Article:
It’s taken me a while to connect all the dots from my visit to London.
Busy city. Fashion metropole. Jam-packed city centre streets even on a drizzly sunday afternoon. The bustle. Of tourists on a monday. Constant.
Rising in crescendo in the Top Shop. Latest styles hot off the runways. Teen girls trying piles of clothes for the right thing. Twens popping in for a new blouse after work. Shoes piled high in the discount bin. Costume jewelry, handbags, all the things. But made where? And by whom?
Still thinking about structure and control, which brings me to the Victoria &Albert Museum’s Exhibition Balenciaga: Shaping Fashion. It refers rather cleverly to the fact that Balenciaga was a designer who has had a lot of influence on other fashion designers (a designer’s designer, especially to those who are trying to be innovative within the field). It also refers to the fact that if you want to create 3-d shapes (ie garments) out of 2-d material, you jolly well need something to hold it up.
You need structure. And Balenciaga was a master tailor and couturier, who knew how to manipulate the fabric toaccomplish the most remarkable things with fabric.
“This evening dress – displayed inside out – shows the attention to detail in constructing a couture gown. The net bodice, structured with steel boning… Fabric edges are bound with silk tulle and hard fastenings covered in velvet for comfort…”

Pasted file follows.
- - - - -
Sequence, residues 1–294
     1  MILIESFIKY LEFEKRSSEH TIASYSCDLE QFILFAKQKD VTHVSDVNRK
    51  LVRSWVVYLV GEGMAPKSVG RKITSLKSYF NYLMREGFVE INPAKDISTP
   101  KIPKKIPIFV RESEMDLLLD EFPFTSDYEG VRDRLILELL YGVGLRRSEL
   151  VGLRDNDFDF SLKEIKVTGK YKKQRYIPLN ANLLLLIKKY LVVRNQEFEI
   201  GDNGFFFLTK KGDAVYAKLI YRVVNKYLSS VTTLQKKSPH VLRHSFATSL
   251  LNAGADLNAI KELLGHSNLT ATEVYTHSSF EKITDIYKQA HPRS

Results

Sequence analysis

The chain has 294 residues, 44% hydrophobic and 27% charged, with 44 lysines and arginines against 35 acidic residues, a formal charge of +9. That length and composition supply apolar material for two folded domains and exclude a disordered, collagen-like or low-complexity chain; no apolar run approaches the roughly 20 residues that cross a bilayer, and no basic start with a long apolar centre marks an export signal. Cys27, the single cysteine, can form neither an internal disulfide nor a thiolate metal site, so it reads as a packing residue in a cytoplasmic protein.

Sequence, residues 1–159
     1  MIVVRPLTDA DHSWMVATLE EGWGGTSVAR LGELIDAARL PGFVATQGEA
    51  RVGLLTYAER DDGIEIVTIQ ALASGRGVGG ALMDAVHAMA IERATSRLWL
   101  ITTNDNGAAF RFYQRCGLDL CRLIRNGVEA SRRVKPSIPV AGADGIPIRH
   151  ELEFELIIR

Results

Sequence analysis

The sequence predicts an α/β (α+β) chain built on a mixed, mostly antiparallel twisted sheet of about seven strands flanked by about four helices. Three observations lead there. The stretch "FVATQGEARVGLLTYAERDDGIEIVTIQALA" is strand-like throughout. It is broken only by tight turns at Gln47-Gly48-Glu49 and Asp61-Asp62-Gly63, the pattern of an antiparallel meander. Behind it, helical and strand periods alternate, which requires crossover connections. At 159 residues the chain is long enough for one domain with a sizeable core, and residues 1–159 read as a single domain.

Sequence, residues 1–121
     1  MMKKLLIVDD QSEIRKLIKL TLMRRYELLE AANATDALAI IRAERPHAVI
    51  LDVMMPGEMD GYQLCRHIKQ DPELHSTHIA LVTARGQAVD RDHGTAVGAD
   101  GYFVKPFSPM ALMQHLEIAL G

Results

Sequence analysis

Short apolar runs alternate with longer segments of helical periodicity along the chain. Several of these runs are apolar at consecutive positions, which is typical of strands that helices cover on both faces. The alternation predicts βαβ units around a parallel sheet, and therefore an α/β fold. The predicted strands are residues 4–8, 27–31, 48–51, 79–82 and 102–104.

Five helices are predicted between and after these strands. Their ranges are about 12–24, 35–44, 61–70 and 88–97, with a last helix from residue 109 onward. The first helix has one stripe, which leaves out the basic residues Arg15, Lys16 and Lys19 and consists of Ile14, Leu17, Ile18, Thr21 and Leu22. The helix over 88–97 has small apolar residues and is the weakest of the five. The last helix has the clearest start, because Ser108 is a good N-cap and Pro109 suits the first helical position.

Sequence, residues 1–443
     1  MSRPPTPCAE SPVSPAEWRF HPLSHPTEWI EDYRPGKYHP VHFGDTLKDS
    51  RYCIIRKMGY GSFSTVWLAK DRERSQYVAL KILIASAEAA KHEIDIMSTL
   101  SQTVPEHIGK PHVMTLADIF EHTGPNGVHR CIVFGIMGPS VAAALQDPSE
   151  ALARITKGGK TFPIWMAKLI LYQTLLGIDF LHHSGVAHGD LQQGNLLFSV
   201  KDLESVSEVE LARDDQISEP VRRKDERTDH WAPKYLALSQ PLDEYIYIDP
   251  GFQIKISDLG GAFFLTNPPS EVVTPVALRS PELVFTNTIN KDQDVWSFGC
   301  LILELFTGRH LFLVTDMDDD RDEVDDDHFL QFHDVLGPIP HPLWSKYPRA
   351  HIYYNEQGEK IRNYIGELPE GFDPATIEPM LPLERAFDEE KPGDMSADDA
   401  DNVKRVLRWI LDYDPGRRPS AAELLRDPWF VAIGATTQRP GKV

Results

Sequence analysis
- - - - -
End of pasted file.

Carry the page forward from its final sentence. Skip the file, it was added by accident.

-Victoria & Albert Museum
In short, a fascinating exhibition with garments not just by Cristóbal Balenciaga, but also from several designers who came after him, and cited him as mentor or Inspiration.
It’s amusing to see that the flared sleeves and pleats that are among this year’s hottest trends, look as if they’re borrowed straight from his sketchbook.
Top row: Tulip dress, Wool tweed Skirt suit by Balenciaga
Bottom row: Evening dress by Balenciaga, Ballons Dress by Sybilla (Spain), Cocktail dress by Roksanda Ilincic
Back from our family holiday in South England. I’m still ruminating on what I’ve seen and experienced over the last two weeks.
I visited the Balenciaga exhibition at the Victoria & Albert museum (more on that later), had a look at quite a few touristy things, ate a lot of Full English Breakfasts, visited botanical gardens, great houses, drank an impressive amount of tea (with and without scones) and noticed things.
Living out of a suitcase is more or less test-driving a capsule wardrobe.
Women in the UK wear more skirts and dresses (in general) than women in Germany.
Fast fashion means picking up a new blouse or three is as easy as picking up a pack of precut vegetables ready to be made into a soup, on the way home from work in a large metropole.
British food is loads better than it’s reputation on the Continent.